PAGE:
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Former FMCSA Investigator Charged With Falsifying Logs


A Former FMCSA Investigator Is Charged With Falsifying Logs A former U.S. DOT safety investigator turned carrier consultant has been sentenced for falsifying a client’s logbooks in order to keep the trucking company out of trouble with the FMCSA for not complying with HOS laws.

Brylski worked as a safety inspector for the FMCSA from 1987 to 1999 in the Raleigh, North Carolina office.

Assistant U.S. Attorney Cliff Barrett told Land Line, “That’s the same office that investigated him.”

James “Jim” Brylski, owner of DOT Advisor Inc., was sentenced by the North Carolina U.S. District Court on June 15, 2012 to 12 months of probation and fined $3,000 plus a $100 assessment, Land Line Magazine reported.

The company Brylski was trying to keep out of trouble with the FMCSA, Mabe Trucking Inc. of Eden, North Carolina, was also placed on a five-year probation and fined $8,000 plus a $400 assessment.

In addition to the probation and fines, Mabe Trucking is required to purchase, install and activate EORBS for all of its trucks.  The company is also required to comply will all FMCSA regulations and must submit to random inspections of equipment, building and property by the FMCSA.

Mabe Trucking Inc.’s owner and President Roger Dale (Butch) Mabe Jr. was sentenced to a 12-month probation plus a fine of $2,000 and an $100 assessment fee.

“’It’s unfortunate that the court is finding a false sense of security in believing that electronic on-board recorders will deter offenses such as those committed by the former inspector,’ OOIDA Executive Vice President Todd Spencer said. “The criminal element bent on running illegally will always find a way to appear legal, be it on paper or electronically,’” Land Line magazine reported.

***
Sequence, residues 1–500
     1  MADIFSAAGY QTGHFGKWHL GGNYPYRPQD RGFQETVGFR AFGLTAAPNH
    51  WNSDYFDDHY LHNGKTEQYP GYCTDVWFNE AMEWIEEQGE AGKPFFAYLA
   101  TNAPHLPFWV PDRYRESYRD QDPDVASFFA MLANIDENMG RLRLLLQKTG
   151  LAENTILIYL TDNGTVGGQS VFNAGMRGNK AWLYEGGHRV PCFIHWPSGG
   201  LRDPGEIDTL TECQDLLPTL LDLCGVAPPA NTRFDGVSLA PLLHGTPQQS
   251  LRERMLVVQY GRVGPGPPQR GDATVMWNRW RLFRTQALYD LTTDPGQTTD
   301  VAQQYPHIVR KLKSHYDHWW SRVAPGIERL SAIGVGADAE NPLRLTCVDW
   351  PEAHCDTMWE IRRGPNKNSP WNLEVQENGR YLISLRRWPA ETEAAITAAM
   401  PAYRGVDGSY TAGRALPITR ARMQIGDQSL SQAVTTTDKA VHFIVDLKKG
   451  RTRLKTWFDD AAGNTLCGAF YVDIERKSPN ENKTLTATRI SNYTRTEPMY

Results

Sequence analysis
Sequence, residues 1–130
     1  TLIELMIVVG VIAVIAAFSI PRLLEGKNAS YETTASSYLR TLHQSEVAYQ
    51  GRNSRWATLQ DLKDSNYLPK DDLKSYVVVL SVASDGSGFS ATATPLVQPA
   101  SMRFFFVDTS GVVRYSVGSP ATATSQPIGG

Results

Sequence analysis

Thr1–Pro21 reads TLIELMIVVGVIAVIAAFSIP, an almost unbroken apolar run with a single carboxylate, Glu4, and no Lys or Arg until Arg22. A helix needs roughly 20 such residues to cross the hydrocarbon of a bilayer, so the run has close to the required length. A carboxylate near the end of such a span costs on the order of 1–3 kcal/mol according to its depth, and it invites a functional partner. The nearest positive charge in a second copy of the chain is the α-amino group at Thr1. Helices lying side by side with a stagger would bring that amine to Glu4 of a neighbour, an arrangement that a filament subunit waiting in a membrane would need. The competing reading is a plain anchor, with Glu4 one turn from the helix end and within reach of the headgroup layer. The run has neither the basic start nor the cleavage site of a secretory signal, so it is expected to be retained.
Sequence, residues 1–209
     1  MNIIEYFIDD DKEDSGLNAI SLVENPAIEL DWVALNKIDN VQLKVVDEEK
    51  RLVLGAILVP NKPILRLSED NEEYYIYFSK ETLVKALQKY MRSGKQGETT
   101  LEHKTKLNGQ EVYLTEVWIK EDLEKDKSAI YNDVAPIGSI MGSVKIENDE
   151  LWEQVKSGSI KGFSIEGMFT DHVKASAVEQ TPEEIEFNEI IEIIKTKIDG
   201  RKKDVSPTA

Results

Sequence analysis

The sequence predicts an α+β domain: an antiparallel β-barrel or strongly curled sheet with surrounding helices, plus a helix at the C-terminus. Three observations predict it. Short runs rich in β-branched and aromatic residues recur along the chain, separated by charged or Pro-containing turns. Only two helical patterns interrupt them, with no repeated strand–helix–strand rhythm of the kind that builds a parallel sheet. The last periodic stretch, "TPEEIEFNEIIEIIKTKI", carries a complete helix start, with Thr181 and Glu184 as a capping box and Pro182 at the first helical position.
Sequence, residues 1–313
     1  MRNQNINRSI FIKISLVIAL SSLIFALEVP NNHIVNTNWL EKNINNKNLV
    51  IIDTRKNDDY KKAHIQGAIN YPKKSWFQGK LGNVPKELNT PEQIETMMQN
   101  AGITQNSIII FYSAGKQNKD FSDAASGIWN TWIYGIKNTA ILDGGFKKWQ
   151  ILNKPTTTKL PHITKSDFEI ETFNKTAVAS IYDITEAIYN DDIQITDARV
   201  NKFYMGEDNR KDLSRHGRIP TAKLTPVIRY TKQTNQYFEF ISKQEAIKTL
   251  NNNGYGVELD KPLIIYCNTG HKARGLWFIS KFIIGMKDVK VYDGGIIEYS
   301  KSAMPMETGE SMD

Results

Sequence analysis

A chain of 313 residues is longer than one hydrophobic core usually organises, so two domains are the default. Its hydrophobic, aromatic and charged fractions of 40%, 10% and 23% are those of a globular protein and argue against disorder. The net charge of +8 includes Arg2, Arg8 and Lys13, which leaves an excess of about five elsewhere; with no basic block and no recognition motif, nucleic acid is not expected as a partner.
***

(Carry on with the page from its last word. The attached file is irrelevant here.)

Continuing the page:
According to Land Line, Brylski pleaded guilty to falsifying driver’s records of duty status while working as a consultant for the trucking company from 2007 to 2010.

“FMCSA’s Safety Measurement System reveals that of Mabe’s 160 trucks and 200 drivers, violations in the last two years include 15 instances of driving more than 11 hours, 22 occurrences of driving after 14 hours on duty, three cases of breaking the 60/70 hour rule, 13 log violations, one occasion of no record of duty status, four instances of false logbooks, 37 incidents of logbooks not current, and six occurrences of drivers failing to retain the previous seven days’ logs,” Land Line Magazine reported.


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